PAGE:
The Zscaler ThreatLabZ team came across a new strain of infostealer Trojan called Felipe, which silently installs itself onto a user’s system and connects to a command-and-control (C&C) server to send system information from the compromised system. This malware is compiled for both 32-bit and 64-bit Windows operating systems. Felipe basically steals the victim's debit and credit card information and sends it, along with other personal information, to the remote C&C server. It also sets a date and time to perform other malicious activity upon successful infection of the victim machine. The files dropped by malware include: Win XP: %UserProfile%\Local Settings\Temp\vshost.exe %UserProfile%\Local Settings\Temp\explorer32.exe %UserProfile%\Local Settings\Temp\install2.bat %UserProfile%\Local Settings\Temp\infect.txt Win7/Win10: %UserProfile%\AppData\Local\Temp\vshost.exe %UserProfile%\AppData\Local\Temp\explorer32.exe %UserProfile%\AppData\Local\Temp\install2.bat %UserProfile%\AppData\Local\Temp\infect.txt The Felipe Trojan enumerates the system and tries to determine whether it has already been infected by checking the files vshost32.exe and vshost64.exe in the compromised system. The parent file downloads its payloads to %UserProfile%\AppData\Local\Temp\update2804. If this folder already exists, the malware deletes the folder and files inside. Once the folder is deleted, the malware will create a new folder with the same name in hidden mode.   When the update2804 folder is created, the malware downloads its different payloads within a gap of just 50 milliseconds. After downloading the payload, the malware copies it to a special directory temp folder in the system in hidden mode and executes it. First, it will execute the install2.bat file and then it will execute vshost.exe. Below is the code of install2.bat: The batch file will perform registry changes responsible for the following: Run entries for vshost.exe, exolorer32.exe to ensure persistence Disable Windows Defender Bypass UAC control Excluding path of temp folder in Windows Defender Vshost.exe checks the victim's bank cards by checking a card's length or the starting numbers of cards, such as: American Express card: number should begin from 34 or 37 Visa: card length between 13 or 16 Mastercard: card length to be 16 Discover: card length to be 16 and begin from 6011 or 65 Below is a snapshot of some of these instructions: The following is the algorithm to check the card's validity: Process digits from right to left. Double the alternate digit starting from first. Break the alternative digits if addition is greater than 10 (e.g., 28 = 2 + 8 (10) or 19 = 1 + 9 (10)). Return the 10's complement of the total. Finally, it verifies the checksum digit. It will be invalid if the checksum is not modular 10. Snapshot of the algorithm:   If the system is already infected, the malware looks for the filename infect.txt in the temp folder. If it is already there, it sends the below data; otherwise, it sends a request to the C&C to further download the file infect.text. It also sends the victim's system information and writes “infect” in the infect.txt file. The Felipe Trojan gets a memory dump of processes by checking the memory addresses that can store data. Basically, it scans the process memory and, whenever a process starts, the system allocates enough memory for its heap, stack, and regions. However, Windows won't allocate an "entire block" of memory; it tries to allocate any free memory available for the User-Mode. The following are the methods used for the memory dump: GetSystemInfo() Retrieves random information about the system in a structure called SYSTEM_INFO. This structure also contains two variables: minimumApplicationAddress & maximumApplicationAddress, which store the minimum and the maximum address where the system can allocate memory for User-Mode applications. VirtualQueryEx() This method gets information about a range of memory addresses and returns it into a structure named MEMORY_BASIC_INFORMATION. It tells us the range of a memory chunk that starts from the specified address. ReadProcessMemory() Used to read a number of bytes starting from a specific memory address. OpenProcess() Returns a handle to a specific process; the process must be opened. WriteProcessMemory() Writes data to an area of memory in a specified process. After the memory dump, the malware tries to find the victim's used bank card from memory, and fetches this information to send to the C&C. Below is a snapshot of it: Encryption method for sending data to C&C: The malware uses Triple Data Encryption Standard (3DES) algorithm. The first step is to create a simple wrapper class that encapsulates the 3DES algorithm and stores the encrypted data as a base-64 encoded string. Then, that wrapper is used to securely store private user data in a publicly accessible text file.  The 3DES algorithm provides two-way encryption. It needs the private key string as the wrapper to generate a unique decrypted string. Here, the malware uses "L%f@Y7Boolean4%()F$y" as a private key. For more info: https://docs.microsoft.com/en-us/dotnet/visual-basic/programming-guide/language-features/strings/walkthrough-encrypting-and-decrypting-strings   Sending data to the C&C:   The malware uses the free “geoPlugin” web service to determine the victim's system and location information. The following are the services used by the malware from the geoPlugin web service: System IP City Region code Country name Timer Set: The malware sets the time in the program to shut down the system and restart on a specific day. In this example, the time should be between 5:06 a.m. and 6:09 a.m. on Friday, then the system gets shut down. The command to shutdown is: Interaction.Shell("shutdown /r /t 0", AppWinStyle.MinimizedFocus, false, -1); Switches: /r: shut down and then restart the local computer /t: time, in seconds, between the execution of the shutdown command and the actual shutdown or restart AppWinStyle.MinimizedFocus: starts the program minimized and with focus   After the restart, the malware fetches hardware information from the victim's system, including the serial number and running processes. If the “explorer32.exe” process is not found in the running processes, the malware downloads from the C&C and executes it from the temp folder for performing further malicious activities. It uses the GetAsyncKeyState() Win API to query the state of each key on the keyboard. From the return value of GetAsyncKeyState(), it can be determined whether the key is up or down at the time the function is called.   Network communication:   Indicators of Compromise: Filename Md5 vshost.exe 15CE8F849FFF4CC8675900EC838A93F9 down.exe 61B06E49D514F3DC5BE4F4EF08F6B43C explorer32.exe D912771C8CD5720AD835E08EB80A77B6 install2.bat 7D016A3BB29904A6E00161694FC6AB4E Download URLs: 192.99.215[.]95/uploads Inmemory[.]tech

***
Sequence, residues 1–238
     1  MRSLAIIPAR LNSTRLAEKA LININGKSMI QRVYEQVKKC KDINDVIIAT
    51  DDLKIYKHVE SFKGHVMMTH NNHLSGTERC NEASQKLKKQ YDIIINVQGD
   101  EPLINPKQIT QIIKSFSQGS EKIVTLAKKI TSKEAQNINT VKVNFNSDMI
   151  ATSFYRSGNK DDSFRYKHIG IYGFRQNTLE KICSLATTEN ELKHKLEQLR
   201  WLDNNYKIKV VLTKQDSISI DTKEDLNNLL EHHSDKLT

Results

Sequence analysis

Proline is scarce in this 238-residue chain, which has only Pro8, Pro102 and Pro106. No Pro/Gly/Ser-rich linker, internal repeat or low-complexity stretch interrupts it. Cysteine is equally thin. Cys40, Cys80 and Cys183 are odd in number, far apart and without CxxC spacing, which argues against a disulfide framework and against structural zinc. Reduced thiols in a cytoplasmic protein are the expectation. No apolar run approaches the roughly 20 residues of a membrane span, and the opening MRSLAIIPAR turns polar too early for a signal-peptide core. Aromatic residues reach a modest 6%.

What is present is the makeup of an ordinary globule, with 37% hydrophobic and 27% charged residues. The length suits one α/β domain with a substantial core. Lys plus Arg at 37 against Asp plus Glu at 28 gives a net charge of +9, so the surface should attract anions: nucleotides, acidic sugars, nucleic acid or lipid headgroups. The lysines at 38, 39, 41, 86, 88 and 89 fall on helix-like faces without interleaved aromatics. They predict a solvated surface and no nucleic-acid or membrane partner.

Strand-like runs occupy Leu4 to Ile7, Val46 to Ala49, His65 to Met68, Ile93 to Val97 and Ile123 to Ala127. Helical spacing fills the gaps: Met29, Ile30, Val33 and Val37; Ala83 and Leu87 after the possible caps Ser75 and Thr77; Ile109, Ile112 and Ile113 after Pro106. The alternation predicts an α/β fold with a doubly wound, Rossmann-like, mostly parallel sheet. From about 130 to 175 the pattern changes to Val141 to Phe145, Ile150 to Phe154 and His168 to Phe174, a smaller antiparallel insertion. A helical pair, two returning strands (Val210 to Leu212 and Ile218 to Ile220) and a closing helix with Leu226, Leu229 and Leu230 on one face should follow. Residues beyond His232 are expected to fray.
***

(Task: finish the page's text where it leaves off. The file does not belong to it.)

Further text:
Categorías: Security Posts